To clarify, I don't think these are always kept entirely separate -- in fact one of my more controversial-among-anyone-who-would-care opinions is that Anna Julia Cooper mixes Risk Averse Conservatism and Western Civ Conservatism (and then both (a) and (b) types) in her thought, in ways that are generally under-appreciated. I just think that these are logically separable ideologies in a way that can make a difference to this debate. Ok, that said, now a few notes on this. First, I think Libertarian Conservatism is pretty well represented in the academy. Tendencies towards it are pretty common in business schools and economics departments; Nozick is required reading in political philosophy; my more thoughtful leftwing academic friends generally cite Hayek's `The Use of Knowledge in Society' as one of the most insightful challenges to their position out there. This is also, mind you, the form of conservatism that is closest to liberalism. But in so far as the claim is that there are just no forms of conservatism that get any love in the academy, I think this falsifies it.

Second, I actually agree that the Risk-Averse Conservatism doesn't get enough attention or due respect in the academy. It is not that I agree with the kind of social philosophy that tends to result from it, and I think that with effort one can generate the sort of considerations characteristic of it even as an outsider. But, it's a set of considerations worth taking into account when one advocates for social change; there are actual examples of disaster following from not being significantly aware of this point. People generally make their own best advocates, so it is worth having about some inclined to think this way, and in any case we could at least make some texts from this tradition required reading -- they do not seem to be the kind of thing that one just encounters as part of a liberal education, and I think that is a shame. I don't think this tradition is actively suppressed, I think people literally just do not so often think about it.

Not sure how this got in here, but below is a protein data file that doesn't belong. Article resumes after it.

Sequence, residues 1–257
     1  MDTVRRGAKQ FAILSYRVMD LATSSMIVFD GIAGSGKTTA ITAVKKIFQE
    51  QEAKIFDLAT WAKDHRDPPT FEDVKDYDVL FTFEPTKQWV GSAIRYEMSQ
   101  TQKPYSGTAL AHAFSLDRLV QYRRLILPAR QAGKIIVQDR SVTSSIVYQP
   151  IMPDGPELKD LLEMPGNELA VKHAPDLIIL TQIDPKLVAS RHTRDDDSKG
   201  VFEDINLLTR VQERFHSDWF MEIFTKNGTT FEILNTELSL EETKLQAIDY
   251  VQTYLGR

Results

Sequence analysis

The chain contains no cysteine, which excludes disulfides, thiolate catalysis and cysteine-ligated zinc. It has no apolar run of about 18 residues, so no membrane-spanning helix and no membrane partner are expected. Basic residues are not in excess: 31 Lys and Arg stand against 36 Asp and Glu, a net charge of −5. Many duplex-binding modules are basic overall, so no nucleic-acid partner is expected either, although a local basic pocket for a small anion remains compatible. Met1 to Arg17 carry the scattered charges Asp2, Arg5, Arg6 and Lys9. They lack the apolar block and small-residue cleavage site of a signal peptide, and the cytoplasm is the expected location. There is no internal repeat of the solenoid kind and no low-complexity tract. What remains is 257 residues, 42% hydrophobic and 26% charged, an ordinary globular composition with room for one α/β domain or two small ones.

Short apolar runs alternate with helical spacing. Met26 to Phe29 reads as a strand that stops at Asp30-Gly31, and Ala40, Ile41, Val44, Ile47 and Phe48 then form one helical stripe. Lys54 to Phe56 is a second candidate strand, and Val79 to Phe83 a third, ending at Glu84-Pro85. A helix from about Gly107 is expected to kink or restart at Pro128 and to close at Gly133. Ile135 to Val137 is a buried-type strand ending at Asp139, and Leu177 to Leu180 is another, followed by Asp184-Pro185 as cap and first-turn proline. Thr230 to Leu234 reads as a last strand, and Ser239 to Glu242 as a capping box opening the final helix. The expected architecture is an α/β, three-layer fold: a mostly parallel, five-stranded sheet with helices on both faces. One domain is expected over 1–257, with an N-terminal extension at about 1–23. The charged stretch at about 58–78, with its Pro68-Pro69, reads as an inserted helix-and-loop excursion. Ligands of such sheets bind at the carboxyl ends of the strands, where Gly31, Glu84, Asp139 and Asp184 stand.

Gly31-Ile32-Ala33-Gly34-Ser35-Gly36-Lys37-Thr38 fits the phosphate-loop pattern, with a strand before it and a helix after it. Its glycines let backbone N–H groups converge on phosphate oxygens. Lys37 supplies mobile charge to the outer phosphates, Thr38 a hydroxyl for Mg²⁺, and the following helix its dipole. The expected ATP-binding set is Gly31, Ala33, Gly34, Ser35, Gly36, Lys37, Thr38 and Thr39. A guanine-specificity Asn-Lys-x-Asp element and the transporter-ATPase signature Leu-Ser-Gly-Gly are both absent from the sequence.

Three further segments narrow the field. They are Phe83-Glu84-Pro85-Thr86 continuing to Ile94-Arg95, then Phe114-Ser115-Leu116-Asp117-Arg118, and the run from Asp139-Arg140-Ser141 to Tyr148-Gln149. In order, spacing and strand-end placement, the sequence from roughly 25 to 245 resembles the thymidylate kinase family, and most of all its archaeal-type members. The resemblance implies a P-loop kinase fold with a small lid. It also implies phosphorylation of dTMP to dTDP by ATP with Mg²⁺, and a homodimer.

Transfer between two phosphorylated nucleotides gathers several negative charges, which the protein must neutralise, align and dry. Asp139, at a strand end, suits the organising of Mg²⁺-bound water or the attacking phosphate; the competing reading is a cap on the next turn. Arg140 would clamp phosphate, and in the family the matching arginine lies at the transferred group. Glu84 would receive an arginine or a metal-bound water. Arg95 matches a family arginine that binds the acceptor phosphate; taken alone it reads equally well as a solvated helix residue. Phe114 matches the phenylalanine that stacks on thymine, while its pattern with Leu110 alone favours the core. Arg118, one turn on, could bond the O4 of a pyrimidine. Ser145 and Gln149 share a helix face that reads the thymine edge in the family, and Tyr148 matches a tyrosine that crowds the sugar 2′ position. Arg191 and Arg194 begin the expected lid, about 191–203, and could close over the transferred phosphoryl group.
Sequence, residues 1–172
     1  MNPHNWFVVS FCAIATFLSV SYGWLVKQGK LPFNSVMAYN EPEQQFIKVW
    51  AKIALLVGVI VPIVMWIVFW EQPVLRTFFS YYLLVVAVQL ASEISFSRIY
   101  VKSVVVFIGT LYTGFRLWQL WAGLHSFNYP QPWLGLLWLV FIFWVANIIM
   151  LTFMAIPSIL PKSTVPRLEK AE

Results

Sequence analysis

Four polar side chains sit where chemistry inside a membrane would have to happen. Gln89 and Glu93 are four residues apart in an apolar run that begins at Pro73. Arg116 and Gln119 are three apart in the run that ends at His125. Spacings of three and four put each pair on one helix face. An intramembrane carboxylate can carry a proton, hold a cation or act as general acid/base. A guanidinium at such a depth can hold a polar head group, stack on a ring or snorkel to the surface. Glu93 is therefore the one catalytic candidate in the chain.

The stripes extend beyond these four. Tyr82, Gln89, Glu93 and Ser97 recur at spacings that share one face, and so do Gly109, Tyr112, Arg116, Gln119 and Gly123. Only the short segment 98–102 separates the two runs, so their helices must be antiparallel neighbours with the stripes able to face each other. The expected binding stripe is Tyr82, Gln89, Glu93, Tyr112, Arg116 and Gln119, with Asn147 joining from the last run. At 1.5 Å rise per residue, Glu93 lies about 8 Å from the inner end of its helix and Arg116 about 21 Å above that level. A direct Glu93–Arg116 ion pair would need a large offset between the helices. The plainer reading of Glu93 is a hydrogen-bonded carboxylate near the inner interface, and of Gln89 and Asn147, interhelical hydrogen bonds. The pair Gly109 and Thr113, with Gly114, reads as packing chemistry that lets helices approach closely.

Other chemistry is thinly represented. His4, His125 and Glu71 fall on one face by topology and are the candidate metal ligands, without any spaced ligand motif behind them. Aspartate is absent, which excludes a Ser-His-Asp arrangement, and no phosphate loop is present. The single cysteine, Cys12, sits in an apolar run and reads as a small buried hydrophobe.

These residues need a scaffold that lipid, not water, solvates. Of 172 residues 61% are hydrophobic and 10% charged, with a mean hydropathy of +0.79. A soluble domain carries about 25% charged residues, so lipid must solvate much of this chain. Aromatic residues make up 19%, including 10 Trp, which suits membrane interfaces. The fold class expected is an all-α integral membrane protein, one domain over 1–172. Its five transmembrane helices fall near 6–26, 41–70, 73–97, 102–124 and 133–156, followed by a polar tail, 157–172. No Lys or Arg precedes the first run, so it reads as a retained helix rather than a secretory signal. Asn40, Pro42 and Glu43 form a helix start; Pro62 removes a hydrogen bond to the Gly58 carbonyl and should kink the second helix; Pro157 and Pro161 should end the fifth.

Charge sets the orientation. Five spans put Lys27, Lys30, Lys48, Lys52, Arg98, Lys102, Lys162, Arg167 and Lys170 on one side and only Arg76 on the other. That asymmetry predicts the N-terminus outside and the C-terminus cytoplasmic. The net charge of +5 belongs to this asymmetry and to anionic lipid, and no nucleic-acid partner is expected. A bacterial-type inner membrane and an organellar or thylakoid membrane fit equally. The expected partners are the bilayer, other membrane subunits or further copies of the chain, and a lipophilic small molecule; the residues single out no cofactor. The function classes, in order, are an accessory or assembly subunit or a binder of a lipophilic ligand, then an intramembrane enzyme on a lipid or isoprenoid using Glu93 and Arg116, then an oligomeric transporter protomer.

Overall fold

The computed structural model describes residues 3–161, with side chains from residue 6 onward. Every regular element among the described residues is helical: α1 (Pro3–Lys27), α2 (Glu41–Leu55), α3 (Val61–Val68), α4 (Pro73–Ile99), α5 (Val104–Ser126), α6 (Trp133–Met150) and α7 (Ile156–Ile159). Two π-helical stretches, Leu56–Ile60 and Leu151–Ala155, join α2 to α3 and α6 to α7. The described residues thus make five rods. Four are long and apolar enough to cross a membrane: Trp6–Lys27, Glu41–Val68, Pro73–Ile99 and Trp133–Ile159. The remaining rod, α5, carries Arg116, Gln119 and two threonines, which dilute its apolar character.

Third, there is a strand of thought that I have not included here and that some might think I should -- something like Realist Conservatism, whose advocates might be a certain-reading-of Thucydides, Han Fei, or Carl Schmitt. The underlying thought here is something like -- the world is a fundamentally amoral place, one has simply to act effectively to achieve one's goals in a more or less ruthless fashion without any expectation that righteousness or justice shall be rewarded or even noticed. The problem for me is that I have never really understood why this is associated with the right; certainly there have been conservative proponents of it, but I don't think it is such a stretch to put Lenin or Mao in this tradition either (I think Mao actually was a fan of the `legalist' tradition that Han Fei fits into?) and I think that telling. 

Fourth, I do not claim that the above typologies represent the underlying psychological bases of adhering to any of these positions. I think it quite possible that desire to maintain certain gender relations, for instance, is highly significant in determining people's thought towards Risk Averse Conservatism -- but I think there is none the less a difference between the role this plays in that kind of defence of conservatism and, say, the role it plays in Western Civ conservatism, where it can often be an explicit part of the platform. I am trying to track that difference in ideological form, rather than make a claim about political psychology.